By that time the morning rain had vanished, the sun was shining and the clock was ticking. We traveled on around the east side of the park passing buffalo herd after buffalo herd along the way. We passed a group of pronghorn and the official name of animal debate began once again. Are they antelope or pronghorn? I do believe they are one in the same. We continued on to the Mammoth Springs area and exited the park through the north west entrance and visited a couple of shops in the small town right at the exit. Then we went right back in and ate lunch at the Terrace Grill in the center of the 'town'. That area is its own town. It has restaurants, general store, post office, hotel, staff housing, and a few other buildings. This is also the largest concentration of people we have been in the middle of and majority were Asian, not American.
A couple of the roads on the west side of the park have partial closures due to construction, not sure why they couldn't wait until after our trip to start the construction, but they didn't. So we
rode a little past the springs before turning around and going back the way we came in. It is the long way around. The very long way around. We did stop by a short 1/2 mile trail to a waterfall which felt great to get back out and walking. I am sore from not hiking, so that trail did me quite a bit of good. We decided it was time to head back around. But the wildlife was not done for the day, for again we saw buffalo after bison after buffalo after bison. We kept looking for a bull moose - the one animal we have not seen yet. We saw a female moose, but no male. We labelled him as Bullwinkle, but in this case I guess he would be the Hidden Bullwinkle. Maybe he will come out of hiding within the next 2 days.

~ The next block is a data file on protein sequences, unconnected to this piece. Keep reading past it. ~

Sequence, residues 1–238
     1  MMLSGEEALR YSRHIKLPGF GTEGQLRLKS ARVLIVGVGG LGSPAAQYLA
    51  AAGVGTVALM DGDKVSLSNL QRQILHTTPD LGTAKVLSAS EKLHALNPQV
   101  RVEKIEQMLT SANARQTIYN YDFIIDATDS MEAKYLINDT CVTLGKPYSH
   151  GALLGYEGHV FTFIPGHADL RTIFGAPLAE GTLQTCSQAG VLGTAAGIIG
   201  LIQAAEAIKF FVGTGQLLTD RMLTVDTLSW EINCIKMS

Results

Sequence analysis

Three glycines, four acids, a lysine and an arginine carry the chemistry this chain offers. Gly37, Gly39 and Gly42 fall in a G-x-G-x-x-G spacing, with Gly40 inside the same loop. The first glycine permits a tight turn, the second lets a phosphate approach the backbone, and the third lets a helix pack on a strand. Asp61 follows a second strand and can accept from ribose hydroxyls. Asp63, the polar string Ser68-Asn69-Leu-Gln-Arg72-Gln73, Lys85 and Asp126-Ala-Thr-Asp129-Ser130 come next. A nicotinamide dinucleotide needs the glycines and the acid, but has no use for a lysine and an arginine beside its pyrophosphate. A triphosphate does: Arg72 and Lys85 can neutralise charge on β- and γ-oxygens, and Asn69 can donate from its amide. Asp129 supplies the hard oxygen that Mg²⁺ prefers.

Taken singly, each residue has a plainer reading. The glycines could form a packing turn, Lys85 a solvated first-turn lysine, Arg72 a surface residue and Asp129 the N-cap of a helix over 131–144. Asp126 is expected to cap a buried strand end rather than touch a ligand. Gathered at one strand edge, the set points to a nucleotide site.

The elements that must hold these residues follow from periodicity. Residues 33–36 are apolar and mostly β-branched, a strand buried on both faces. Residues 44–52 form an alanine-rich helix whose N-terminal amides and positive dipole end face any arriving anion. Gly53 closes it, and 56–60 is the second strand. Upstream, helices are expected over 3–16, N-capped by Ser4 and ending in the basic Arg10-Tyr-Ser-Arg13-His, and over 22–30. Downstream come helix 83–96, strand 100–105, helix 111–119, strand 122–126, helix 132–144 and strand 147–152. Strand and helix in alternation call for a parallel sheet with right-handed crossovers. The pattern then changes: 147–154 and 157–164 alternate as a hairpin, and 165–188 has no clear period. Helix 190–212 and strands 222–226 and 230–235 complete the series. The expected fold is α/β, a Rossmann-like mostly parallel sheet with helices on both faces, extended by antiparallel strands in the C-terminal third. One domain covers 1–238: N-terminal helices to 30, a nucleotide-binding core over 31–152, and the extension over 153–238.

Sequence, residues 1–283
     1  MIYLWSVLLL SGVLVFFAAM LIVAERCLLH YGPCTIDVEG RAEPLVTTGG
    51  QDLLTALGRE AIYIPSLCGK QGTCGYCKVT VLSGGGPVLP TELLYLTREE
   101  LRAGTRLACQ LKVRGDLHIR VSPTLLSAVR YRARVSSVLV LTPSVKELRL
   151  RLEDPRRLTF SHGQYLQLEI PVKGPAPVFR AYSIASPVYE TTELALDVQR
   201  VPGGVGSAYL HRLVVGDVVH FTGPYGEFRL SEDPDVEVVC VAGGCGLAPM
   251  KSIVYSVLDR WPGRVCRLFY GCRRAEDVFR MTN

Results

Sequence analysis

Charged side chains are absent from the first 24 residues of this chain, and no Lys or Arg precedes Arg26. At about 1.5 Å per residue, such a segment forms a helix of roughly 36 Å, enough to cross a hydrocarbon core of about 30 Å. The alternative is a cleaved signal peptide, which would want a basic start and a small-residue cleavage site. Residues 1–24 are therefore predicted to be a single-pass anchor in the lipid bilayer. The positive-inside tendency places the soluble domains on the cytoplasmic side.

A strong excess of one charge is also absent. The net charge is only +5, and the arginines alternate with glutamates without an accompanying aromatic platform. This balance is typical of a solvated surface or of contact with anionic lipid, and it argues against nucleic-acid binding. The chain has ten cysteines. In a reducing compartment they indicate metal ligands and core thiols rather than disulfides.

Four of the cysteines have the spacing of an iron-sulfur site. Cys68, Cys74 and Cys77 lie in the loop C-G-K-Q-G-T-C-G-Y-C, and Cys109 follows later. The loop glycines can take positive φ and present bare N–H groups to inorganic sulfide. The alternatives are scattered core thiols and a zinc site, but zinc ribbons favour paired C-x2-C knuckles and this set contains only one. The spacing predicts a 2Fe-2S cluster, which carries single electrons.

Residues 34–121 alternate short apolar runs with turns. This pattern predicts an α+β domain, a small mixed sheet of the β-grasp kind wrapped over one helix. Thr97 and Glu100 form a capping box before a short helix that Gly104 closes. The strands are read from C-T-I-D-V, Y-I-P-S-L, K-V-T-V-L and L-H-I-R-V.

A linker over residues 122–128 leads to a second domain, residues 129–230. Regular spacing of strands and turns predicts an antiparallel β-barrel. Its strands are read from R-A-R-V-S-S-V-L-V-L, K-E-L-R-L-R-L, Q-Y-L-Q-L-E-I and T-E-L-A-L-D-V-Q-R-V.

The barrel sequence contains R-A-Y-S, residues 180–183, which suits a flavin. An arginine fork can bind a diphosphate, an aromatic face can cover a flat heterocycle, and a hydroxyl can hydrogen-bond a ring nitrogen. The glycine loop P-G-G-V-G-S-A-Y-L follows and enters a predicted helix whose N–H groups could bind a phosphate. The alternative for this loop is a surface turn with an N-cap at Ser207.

After making our way back around the top end of the park, we began crossing Dunraven Pass again and came upon a gravel road. David did not realize it was the road to the trailhead for our other big hike and started up. The road itself is very steep and climbs so
high you feel like you are on top of the world. Just as we began the ascent, a coyote came out of the grasses searching for food. We made it to the top of the parking lot and the views were amazing. You could see for miles. You could also see the steep trail to the fire tower. I am afraid seeing that has put doubts in my hiking partners minds about making it up there. It is a steep and hard climb so that hike may get knocked off of our itinerary. The weather up top was quite a change from where we came from - it was hold onto your hat windy and grab that winter coat cold. Going from hot 80 degrees at the springs to a blow you down 50 degrees on the mountain was a bit shocking.
As we came down the mountain the weather turned a bit dreary and we were back in the rain. We continued to the middle section of the park which was our access to the nights lodging due to the road closures. A quick stop by Gibbons Falls and a slightly longer stop to watch a bull elk,
we headed out of the park into the town of West Yellowstone. There we found our hotel, found dinner, found a few tourist shops and we found the candy shop. A little sweetness to end our day - another great day in the park.